ice is an excellent heart healthy food that is easy to cook and can be used in a variety of ways to good effect.  Even though it is a grain, because of it's place as a major staple food for much of the worlds population it deserves it's own page.  As with many other natural products, brown, unpolished, rice is nutrient rich while being relatively low in calorie content; so eating larger quantities doesn’t impact your weight as would a similar quantity of more calorie rich food.  Rice is also an excellent source of complex carbohydrate, which is our bodies preferred source of energy food.

While Westerners think of breads and pastas made primarily from wheat as being a staple, in much of the world rice holds that place in the diet.  With globalization and the movement of people from all parts of the world to all parts of the world, rice can be found about anywhere you travel.

One of the big advantages of rice is that it is easy to cook, very easy to digest, and while we know of many people allergic to wheat, oats and other grains, we have never met anyone allergic to rice. 

In the polishing process of white rice most of the valuable vitamins are milled away with the bran, as with other grains like wheat.  As with whole wheat flour versus white refined flour, the brown rice in much more nutritious in the essential vitamins and minerals.  As polishing rice became common, many countries mandated enriching the rice with some B vitamins to combat the serious deficiency diseases like beriberi and pellagra, but this enrichment is not nearly as healthy as just using the lesser refined product with the natural vitamins and bran left with the food.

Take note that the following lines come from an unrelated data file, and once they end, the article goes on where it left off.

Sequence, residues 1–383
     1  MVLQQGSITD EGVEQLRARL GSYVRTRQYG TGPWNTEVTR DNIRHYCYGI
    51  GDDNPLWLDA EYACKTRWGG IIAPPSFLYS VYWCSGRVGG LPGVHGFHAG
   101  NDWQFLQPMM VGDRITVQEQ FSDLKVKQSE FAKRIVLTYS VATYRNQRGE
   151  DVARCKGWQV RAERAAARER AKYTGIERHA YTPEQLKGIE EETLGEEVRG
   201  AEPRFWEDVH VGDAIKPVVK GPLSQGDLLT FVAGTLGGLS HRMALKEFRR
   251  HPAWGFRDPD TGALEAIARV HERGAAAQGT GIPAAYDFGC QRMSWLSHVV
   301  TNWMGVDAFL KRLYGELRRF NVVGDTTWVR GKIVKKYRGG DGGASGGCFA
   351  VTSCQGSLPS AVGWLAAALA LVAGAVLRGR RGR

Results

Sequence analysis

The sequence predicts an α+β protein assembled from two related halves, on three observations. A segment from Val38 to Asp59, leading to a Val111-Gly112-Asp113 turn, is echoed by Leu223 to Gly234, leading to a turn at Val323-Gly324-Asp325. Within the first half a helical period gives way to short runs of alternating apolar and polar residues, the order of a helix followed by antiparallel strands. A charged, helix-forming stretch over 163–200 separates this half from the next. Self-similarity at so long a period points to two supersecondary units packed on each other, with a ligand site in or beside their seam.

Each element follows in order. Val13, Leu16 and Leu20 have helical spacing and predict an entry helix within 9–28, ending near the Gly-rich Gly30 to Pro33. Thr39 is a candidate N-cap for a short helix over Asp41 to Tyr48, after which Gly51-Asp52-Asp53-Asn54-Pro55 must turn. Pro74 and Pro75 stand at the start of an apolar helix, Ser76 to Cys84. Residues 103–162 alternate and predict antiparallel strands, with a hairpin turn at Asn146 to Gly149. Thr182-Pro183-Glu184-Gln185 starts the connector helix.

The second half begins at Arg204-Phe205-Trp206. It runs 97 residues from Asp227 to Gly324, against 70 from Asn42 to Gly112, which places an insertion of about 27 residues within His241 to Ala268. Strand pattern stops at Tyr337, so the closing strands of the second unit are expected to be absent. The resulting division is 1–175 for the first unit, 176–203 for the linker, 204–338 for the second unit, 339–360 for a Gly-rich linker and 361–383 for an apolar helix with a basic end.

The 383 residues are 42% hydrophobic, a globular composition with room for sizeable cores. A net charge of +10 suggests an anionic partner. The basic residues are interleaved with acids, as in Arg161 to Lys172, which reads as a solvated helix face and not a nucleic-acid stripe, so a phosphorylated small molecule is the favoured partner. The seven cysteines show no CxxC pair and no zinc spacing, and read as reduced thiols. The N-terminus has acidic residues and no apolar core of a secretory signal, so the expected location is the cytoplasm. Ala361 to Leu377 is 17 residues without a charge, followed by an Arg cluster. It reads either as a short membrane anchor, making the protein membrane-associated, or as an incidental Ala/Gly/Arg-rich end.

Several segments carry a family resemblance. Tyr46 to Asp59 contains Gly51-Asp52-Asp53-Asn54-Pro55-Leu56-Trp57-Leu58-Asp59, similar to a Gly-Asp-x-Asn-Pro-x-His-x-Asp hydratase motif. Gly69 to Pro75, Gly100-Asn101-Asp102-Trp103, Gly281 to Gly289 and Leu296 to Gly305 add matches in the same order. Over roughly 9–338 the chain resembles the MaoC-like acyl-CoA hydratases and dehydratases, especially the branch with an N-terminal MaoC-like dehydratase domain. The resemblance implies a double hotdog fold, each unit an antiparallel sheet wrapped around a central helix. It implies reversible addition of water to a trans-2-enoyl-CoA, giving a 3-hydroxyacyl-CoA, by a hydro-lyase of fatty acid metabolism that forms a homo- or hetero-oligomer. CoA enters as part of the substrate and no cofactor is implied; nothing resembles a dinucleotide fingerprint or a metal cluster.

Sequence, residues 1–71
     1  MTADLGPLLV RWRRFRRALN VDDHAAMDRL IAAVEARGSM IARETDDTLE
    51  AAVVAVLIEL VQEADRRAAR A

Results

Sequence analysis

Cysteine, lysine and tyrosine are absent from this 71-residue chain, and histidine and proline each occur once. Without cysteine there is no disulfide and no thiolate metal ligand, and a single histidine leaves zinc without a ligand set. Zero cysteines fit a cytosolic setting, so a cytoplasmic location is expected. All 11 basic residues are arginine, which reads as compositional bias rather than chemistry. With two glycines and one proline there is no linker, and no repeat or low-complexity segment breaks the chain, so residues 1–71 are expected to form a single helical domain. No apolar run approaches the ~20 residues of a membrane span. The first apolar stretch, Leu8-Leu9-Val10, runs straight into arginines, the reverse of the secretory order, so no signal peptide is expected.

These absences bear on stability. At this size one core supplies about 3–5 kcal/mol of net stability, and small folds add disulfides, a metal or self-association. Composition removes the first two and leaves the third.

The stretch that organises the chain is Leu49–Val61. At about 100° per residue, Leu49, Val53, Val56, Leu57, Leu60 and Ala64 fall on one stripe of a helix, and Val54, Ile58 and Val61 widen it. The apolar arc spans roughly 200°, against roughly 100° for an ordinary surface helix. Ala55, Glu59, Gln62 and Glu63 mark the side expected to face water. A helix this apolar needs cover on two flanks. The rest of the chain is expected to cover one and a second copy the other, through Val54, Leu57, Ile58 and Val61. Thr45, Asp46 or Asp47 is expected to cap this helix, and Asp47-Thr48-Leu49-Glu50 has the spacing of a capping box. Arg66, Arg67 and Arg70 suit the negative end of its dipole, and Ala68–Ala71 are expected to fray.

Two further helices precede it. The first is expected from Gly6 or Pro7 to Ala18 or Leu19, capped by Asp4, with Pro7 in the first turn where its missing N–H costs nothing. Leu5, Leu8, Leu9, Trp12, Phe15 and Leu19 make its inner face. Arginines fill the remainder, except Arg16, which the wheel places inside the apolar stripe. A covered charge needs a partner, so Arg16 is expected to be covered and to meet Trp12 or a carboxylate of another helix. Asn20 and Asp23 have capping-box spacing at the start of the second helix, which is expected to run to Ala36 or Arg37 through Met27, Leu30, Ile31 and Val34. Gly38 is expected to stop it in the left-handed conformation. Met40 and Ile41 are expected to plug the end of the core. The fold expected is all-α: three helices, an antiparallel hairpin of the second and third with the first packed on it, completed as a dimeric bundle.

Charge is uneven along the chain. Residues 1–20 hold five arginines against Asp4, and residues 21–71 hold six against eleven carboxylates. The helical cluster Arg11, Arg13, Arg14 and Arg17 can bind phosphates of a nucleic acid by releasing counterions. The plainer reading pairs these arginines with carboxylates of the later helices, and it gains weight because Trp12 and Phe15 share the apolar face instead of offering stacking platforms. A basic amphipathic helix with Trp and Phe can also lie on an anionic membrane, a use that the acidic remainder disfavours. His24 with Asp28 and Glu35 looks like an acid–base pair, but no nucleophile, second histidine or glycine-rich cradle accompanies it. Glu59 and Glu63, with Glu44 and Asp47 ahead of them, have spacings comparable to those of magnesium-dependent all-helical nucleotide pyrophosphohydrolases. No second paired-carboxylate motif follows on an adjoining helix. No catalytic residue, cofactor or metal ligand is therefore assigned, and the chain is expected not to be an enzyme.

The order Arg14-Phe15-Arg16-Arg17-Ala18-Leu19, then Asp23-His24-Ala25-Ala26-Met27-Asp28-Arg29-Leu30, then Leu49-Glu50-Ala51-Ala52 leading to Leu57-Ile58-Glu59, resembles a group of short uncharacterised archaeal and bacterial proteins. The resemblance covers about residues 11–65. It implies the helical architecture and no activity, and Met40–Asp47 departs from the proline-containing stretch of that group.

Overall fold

As with white refined flour, white rice was considered to be the food of the higher classes, and its common use became a cultural trend all over the world.  The best nutritional results are obtained by using the natural, vitamin and mineral rich, foods.  The natural fibre in the foods is also extremely important to the best health.

Brown rice has a delicious flavour all of its own.  Once a person gets used to the full bodied flavour, they usually find white rice tasteless and unsatisfying.

Rice served with legumes, like rice and beans in Mexican cooking, rice and dhal in Indian cooking, or rice with soy bean curd (tofu) in oriental cooking, provides high quality amino acids, providing the body with what it needs to produce the protein our bodies needs to build and repair.  Getting enough high quality proteins to keep at our best is no problem while eating a good variety of unrefined foods.

Cooking rice is fairly easy, and people usually develop their preferred method.  Generally you just need to cover the rice with about two to three times as much water as rice, and bring to a boil.  It takes about twenty minutes of simmering, and the key to good rice is to take it off the heat, cover it and let it steam for about ten minutes.  It’s important to make sure the rice doesn’t boil dry.  With a little practice, you get a feel for amounts, ratios, temperatures, etc.  Some types of rice require more water than others, and if it is cooked at a higher temperature it will require more water to prevent it boiling dry, as there will be more steam loss.  Some people like the finished product wetter, some like it dryer.  Some cook books will give quantities to start with etc, as will some pre packaged rice that can be purchased in a supermarket.

So now that you have your rice, what do you want it to taste like?  The key is in the seasoning and companion foods.  Mexican takes some specific herbs, while Oriental or Indian take others.  We talk about these in the section dealing with ‘Seasonings’.

Rice can be used in casseroles, like Spanish Rice, or simply used as a companion to other dishes.  In India the plate is piled with rice and the curries are placed along side.  The food is eaten by taking the fingers, dipping them in the curry and then forming a ball with rice to pop into the mouth.  My favourite is the Mexican style, where rice and beans are mixed with vegetables and sauces and served wrapped in a tortilla.  It’s especially good with fresh avocado and salsa made with a variety of peppers, garlic and tomatoes.

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